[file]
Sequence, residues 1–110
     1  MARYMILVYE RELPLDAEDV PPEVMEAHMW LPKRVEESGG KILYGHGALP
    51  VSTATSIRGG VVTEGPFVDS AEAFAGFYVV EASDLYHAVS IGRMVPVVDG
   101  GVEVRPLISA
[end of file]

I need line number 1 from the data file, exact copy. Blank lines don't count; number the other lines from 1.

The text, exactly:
Sequence, residues 1–110